As a part of its “Speaking Out” video series, CURE® spoke with Dr. Miriam Atkins, on behalf of the Community Oncology Alliance, about how patients can better understand the emotions their oncologists may be going through during treatment.
Colleen Moretti: Emotions can play a heavy role in cancer care, and we talk a lot about the patients, but how does this impact their physician as well?
Dr. Miriam Atkins: That's a great question because many patients think: “Oh, that's just the doctor, they go to work, they're off on the weekends, they play golf, they go on vacation” — no oncology does not go away. When I leave that office at five o’clock, I still take all those patients home with me, especially the ones who are sick or not doing well because as a physician, I want my patients to live, I want them to survive, I want their cancer to go away. And when that doesn't happen, I feel bad about it, I feel terrible about it. And giving patients bad news never gets easy.
Say if I have a patient who I'm going to give the CAT scan results to on that day and I'll get the scan the day before I review the chart. If it's not good news, I will review the chart, see what else I can give the patient and rehearse the dialogue in my head probably 1000 times to let them know that the cancer may be worse, but we do have options and they're going to live — I don't want them to suffer. And I feel just as bad as they do. So, I think patients don't understand that we take this home with us. This medicine is not a nine to five job, the office may be open from nine to five, but I can pretty much guarantee every physician I know takes those things home with them. Probably more so in oncology because we have different relationships with patients. I think when someone has cancer, they will tell you things about themselves, their past, their family that they won’t tell any other doctor and I tell them I'm they're sworn to secrecy in my exam room, so it won't leave the room. But I've learned a lot about patients, and they learn a lot about me, and the patients help the doctor. I mean I tell patients all the time you may be learning from me, but I'm also learning from you.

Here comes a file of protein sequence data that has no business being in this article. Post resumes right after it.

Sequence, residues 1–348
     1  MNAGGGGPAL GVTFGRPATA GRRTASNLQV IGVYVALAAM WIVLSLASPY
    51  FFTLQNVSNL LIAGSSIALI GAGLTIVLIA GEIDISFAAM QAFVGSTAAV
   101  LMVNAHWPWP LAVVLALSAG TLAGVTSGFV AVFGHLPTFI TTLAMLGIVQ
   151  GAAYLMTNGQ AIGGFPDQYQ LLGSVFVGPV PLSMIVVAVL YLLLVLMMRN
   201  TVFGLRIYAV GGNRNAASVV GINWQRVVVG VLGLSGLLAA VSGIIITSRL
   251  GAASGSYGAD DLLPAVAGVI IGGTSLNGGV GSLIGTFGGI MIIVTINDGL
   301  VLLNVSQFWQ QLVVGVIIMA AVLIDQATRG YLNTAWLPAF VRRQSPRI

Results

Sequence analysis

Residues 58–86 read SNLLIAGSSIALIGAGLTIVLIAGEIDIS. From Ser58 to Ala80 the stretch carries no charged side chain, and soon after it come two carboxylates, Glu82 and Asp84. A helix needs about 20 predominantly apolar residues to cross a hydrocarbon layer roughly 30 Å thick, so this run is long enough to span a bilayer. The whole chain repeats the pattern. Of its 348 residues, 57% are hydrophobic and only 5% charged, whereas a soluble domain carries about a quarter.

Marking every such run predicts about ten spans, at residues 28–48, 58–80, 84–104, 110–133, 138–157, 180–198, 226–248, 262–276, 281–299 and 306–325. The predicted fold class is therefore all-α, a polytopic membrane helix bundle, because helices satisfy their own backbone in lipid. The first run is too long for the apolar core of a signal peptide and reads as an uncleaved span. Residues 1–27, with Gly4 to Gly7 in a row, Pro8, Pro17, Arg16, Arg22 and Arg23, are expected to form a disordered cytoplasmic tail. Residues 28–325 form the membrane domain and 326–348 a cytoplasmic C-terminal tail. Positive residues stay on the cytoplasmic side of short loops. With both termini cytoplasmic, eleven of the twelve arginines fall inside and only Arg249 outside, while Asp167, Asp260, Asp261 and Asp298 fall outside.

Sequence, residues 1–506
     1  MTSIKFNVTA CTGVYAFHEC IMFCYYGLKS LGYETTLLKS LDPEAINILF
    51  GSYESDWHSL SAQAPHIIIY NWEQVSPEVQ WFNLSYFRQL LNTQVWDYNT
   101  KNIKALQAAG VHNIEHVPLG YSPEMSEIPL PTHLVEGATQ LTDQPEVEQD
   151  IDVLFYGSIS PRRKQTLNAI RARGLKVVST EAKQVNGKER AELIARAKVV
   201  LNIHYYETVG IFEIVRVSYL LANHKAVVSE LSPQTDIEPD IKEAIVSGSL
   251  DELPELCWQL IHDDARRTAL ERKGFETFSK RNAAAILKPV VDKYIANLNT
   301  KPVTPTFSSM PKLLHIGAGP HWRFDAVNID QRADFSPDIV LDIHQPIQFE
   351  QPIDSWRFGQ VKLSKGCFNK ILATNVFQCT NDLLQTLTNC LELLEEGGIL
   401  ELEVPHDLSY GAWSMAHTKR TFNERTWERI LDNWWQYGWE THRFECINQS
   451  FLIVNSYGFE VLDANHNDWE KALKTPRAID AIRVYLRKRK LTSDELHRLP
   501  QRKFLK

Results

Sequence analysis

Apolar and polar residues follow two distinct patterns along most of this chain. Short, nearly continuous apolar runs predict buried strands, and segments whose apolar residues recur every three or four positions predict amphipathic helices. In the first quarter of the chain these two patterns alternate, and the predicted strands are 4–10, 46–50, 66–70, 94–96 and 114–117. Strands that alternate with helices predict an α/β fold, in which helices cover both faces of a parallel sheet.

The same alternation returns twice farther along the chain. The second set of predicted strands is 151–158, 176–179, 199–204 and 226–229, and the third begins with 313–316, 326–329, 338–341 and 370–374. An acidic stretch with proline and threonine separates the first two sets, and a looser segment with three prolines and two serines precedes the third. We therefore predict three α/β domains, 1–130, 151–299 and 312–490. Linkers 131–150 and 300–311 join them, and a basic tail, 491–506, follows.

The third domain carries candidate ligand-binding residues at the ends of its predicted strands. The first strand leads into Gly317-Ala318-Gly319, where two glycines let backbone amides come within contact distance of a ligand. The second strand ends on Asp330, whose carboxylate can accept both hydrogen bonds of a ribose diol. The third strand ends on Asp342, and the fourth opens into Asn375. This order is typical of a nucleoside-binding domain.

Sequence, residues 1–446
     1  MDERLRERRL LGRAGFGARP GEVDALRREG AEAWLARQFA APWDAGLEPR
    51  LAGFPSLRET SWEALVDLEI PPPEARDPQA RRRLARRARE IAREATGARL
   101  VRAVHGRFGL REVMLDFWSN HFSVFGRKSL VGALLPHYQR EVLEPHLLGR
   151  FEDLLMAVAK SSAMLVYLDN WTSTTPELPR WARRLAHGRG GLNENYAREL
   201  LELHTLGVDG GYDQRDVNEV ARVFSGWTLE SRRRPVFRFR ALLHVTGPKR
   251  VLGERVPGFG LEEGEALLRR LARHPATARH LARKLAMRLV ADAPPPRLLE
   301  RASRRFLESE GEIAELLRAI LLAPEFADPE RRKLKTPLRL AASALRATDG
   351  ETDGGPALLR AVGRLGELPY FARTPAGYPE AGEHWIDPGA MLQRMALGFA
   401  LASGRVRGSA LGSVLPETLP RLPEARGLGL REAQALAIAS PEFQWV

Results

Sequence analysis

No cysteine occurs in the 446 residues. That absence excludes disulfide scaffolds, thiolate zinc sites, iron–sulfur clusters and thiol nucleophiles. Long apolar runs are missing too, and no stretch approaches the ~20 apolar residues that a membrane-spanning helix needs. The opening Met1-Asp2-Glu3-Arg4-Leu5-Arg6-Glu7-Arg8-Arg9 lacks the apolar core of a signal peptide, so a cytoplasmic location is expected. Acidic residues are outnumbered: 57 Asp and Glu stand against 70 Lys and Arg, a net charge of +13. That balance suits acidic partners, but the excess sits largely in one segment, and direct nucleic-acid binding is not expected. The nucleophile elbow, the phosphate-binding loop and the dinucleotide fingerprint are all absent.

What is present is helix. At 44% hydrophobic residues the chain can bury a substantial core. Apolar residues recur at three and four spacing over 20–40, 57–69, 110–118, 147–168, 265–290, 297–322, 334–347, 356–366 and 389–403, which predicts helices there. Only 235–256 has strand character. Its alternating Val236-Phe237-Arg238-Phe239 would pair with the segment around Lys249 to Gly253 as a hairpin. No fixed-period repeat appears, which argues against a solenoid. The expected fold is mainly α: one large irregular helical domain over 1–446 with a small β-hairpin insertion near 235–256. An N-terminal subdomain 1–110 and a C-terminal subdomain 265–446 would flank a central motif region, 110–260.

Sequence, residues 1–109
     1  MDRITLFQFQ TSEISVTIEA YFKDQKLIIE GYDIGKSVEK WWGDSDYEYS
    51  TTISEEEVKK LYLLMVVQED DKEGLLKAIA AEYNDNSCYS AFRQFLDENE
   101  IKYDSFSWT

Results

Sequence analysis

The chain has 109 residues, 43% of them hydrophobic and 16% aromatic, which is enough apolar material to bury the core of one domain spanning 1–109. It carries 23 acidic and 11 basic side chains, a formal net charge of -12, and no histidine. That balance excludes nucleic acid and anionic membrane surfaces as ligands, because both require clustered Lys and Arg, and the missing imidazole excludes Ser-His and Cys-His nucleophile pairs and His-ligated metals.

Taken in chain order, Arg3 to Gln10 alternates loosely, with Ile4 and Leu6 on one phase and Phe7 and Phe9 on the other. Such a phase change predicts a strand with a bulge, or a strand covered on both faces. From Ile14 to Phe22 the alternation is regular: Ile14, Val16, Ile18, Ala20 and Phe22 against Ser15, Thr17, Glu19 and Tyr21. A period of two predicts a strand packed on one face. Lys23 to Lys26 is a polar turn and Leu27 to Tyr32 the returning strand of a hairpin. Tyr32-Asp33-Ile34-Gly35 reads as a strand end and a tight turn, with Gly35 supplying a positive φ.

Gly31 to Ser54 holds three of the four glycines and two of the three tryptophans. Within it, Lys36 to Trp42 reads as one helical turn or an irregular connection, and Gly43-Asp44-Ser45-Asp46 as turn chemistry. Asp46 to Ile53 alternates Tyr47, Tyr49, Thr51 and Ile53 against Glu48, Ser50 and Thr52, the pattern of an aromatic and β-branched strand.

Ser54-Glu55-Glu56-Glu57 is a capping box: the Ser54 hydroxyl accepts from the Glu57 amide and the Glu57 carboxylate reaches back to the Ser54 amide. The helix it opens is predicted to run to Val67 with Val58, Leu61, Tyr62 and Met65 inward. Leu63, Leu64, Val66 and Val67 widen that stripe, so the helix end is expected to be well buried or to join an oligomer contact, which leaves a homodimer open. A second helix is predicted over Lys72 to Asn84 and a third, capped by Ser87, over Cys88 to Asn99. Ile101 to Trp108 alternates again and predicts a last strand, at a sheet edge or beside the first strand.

Moretti: How can patients navigate their physicians’ feelings and emotions during care?
Atkins: Well really as a physician, I try not to put my emotions on the patient because the patient has enough to deal with they're dealing with this diagnosis, they're terrified. Even a patient who is say cured, it's always in the back of their mind: “Is this cancer coming back? When is it coming back? How am I going to live?” and they don't need to deal with my emotions on top of that. So I do my best — I'm friendly with them, I care about them and let them know but I try not to put my emotions on them.
Moretti: What know if physicians experience strong emotions in front of a patient? Can this be taken as a sign of unprofessionalism or more so a sign of empathy and how to patients navigate that?
Atkins: I think sometimes empathy. I will give you an example. A long time ago, I had a patient who was in the hospital and died suddenly and I went there to console the family and they ended up consoling me. And I told him I'm so sorry and my job to console you, not you all consoling me because I totally broke down. This only happened once but I try my best to you know, keep it together because I feel like if the doctor falls apart was the patient going to do. But that family basically said don't worry, we know you're human too, we know you care and it's okay to feel the way you feel because that lets us know that you feel the same way we do.
Moretti: How can a physician's emotions impact their relationship with the patient? Do you have any advice for patients who are trying to build that relationship while keeping the physicians’ feelings in mind as well?
Atkins: I think the only way I can think of how physician’s feelings may affect patient care is if you have a patient who has a stage four cancer and you're running out of treatments. It’s very hard to sometimes tell the patient it's time to go on hospice or It's time to stop — that's very hard, because we don't want them to feel like we're giving up on them. So as a physician, I have to pull it together and say I know that hospice care is a different level of care, it does not mean go home and die. And patients sometimes do better and live longer on hospice than if we continue with their chemotherapy. Chemotherapy is toxic, so sometimes it's best to stop the treatment and live your best life for whatever time you have than to keep getting the treatments and not feel good. And so I think sometimes when our own emotions may get in the way of that type of care for the patient, but we usually pull it together. We always do what's right for the patient.
This transcription has been edited for clarity.